As an aspiring entrepreneur, deciding on the type of business you want to launch isn’t always easy. There are many options, each with benefits and drawbacks.
Fortunately, by using a strategic approach, you can assess ideas and find the best possible fit. Here’s what you need to consider if you want to identify your best path toward entrepreneurship.
Evaluating Your Skills
Often, the first step you should take is a skills evaluation. You need to ascertain your strengths, both personally and professionally. Reflect on your past career and similar experiences to identify your hard skills. Then, evaluate any traits you have that served you well along the way, as soft skills like creativity, organization, and communication are just as vital to include as technical prowess.
Being honest about your weakness is similarly vital. That lets you know if a particular business is a poor fit or if you may need to hire help to cover a specific operational area.
Assessing Your Resources
Determining what resources are already at your disposal is critical, as it allows you to limit some of your initial costs. For instance, the starting price for a photography business is far different if you already own a professional-quality camera, several lenses, and top-tier editing software than if you need to purchase all of those tools.
As you assess your resources, you should look beyond what you have and into what you can get without a major financial investment. For example, you can use free or low-cost tools to get your startup off the ground. Choose a Facebook ad template that allows you to create eye-catching advertisements without breaking the bank. You can customize the template with your logo, colors, fronts, and other branding, and you’re essentially ready to go.
Examining Your Budget
Once you’ve looked at your skills and available resources, it’s time to focus on money. In many cases, this is a two-fold undertaking.
First, you need to determine how much you can spend today to get your company moving. Second, you need to assess your access to other financial resources, including income generated from your business post-launch, outside investment, or loans.
Determine how much launching various kinds of businesses costs. Some options are traditionally inexpensive to get off the ground, and a few can even cost less than $500 if you already have the right skills. But others may require an upfront financial investment of tens of thousands of dollars.
Outline every one-time and ongoing cost you’ll encounter. Equipment and supply purchases, utilities, payroll, taxes, shipping, storage, payment processing fees, website hosting, office space… it all needs to be factored into the equation.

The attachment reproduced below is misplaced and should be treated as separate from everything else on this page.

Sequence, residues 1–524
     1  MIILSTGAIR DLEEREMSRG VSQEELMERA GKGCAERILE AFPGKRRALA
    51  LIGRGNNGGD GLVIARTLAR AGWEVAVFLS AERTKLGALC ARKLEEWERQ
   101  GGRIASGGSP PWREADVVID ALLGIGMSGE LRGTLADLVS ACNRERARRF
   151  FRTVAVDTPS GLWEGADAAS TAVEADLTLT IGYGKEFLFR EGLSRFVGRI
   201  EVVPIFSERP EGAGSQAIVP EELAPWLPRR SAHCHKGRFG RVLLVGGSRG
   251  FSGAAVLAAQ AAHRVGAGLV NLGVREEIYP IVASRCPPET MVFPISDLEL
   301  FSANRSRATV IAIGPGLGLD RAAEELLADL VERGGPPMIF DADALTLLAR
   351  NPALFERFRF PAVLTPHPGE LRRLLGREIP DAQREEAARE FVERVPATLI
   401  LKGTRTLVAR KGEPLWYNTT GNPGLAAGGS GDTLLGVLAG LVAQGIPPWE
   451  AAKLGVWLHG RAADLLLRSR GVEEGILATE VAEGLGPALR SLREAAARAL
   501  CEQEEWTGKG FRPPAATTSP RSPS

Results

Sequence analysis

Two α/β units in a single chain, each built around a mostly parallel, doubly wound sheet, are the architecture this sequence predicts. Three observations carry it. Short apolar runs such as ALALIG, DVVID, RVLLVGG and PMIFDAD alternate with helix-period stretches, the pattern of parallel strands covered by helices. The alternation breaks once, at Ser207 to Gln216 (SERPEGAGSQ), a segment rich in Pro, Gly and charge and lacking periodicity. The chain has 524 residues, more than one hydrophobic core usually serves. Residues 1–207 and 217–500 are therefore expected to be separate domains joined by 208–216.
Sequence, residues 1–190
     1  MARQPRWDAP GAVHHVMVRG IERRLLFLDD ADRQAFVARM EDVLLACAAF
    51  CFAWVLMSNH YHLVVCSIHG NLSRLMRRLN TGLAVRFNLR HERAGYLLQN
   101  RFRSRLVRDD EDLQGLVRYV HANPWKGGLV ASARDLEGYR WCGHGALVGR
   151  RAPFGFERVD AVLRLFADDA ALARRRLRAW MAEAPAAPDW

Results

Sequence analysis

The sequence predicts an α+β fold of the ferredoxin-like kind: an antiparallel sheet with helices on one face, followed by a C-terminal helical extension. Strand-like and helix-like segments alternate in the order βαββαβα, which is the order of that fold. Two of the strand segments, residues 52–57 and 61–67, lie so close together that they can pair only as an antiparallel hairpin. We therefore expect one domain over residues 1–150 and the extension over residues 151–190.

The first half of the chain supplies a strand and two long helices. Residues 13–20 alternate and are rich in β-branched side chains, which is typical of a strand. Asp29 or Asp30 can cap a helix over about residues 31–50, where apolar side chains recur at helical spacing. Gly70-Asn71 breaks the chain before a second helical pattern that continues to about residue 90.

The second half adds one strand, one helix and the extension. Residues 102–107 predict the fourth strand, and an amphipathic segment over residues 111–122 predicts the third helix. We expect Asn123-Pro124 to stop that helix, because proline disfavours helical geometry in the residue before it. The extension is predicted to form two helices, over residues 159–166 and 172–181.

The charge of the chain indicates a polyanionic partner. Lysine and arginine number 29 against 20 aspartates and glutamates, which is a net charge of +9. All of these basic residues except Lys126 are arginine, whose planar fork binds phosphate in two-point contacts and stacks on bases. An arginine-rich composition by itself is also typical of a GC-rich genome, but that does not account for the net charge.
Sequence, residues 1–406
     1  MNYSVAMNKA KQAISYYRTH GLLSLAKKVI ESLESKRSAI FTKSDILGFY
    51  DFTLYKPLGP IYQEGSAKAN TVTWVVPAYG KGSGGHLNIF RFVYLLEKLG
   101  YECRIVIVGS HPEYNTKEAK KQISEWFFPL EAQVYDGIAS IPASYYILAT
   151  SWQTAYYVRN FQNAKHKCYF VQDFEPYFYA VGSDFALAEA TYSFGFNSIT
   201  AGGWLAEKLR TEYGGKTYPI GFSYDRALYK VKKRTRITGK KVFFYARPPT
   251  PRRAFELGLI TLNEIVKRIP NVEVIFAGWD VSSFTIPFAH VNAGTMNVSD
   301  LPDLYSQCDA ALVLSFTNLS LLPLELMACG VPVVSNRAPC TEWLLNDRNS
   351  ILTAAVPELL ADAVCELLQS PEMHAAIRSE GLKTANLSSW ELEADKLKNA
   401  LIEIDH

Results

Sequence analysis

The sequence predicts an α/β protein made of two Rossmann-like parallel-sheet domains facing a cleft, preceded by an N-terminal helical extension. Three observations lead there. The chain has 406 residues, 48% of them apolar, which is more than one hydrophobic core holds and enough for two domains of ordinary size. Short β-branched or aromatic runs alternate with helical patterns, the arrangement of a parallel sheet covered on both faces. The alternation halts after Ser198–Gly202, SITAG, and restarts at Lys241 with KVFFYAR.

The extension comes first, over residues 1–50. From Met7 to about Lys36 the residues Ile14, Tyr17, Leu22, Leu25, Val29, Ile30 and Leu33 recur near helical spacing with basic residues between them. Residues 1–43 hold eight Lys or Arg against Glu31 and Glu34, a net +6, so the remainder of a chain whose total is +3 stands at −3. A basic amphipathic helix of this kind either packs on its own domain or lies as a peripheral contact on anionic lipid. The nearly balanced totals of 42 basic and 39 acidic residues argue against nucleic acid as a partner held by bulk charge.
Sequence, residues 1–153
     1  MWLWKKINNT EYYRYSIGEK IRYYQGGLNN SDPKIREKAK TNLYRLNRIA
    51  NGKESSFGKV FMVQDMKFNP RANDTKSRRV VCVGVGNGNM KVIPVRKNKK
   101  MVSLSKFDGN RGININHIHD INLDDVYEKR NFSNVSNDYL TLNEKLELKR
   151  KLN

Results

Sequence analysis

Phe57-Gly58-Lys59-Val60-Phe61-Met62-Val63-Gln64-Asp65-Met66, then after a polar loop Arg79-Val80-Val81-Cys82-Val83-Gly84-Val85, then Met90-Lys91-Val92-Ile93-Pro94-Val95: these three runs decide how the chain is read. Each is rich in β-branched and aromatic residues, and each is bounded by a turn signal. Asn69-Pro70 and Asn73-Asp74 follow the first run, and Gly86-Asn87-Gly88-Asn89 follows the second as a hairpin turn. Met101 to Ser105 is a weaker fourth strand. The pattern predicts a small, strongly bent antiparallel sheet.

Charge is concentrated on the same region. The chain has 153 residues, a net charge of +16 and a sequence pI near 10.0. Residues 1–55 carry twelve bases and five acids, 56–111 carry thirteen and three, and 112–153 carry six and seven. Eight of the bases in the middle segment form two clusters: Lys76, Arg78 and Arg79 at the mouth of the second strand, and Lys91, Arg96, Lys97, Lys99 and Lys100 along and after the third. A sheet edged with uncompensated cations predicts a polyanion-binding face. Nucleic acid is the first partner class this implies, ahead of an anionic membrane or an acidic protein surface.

By looking at every cost, you have an operational baseline to compare to your cash flow projections. Then, you can make sure that your idea is financially plausible before moving forward. See how Profit Matters can help your bottom line.
Reviewing Your Time
As you prepare to choose a type of business, you need to account for the time factor. Usually, there are two aspects to consider.
First, it’s the amount of time you can dedicate to your business each day. While starting a company will always require commitment and effort, some options are far more hands-on, while others have passive elements. By reflecting on your typical day’s schedule, you can estimate your time availability. Then, you can compare that to the number of hours each day you need to dedicate to various business types.
Second, you also need to determine how long you can wait before your company is profitable. On average, it takestwo to three years for businesses to turn a profit. However, some will break that mold. If your initial and long-term costs are low and you have a large profit margin, you may turn a profit within a year. If you have higher startup and ongoing costs and lower margins, it may take more than three years.
Researching the Market
A final factor you need to consider is the state of the market. You need to define and analyze your target audience,perform a competitive analysis, and estimate overall demand. That lets you determine the viability of your idea and market share potential. Plus, it may allow you to figure out how you can uniquely position your company, ensuring you stand out from competitors.
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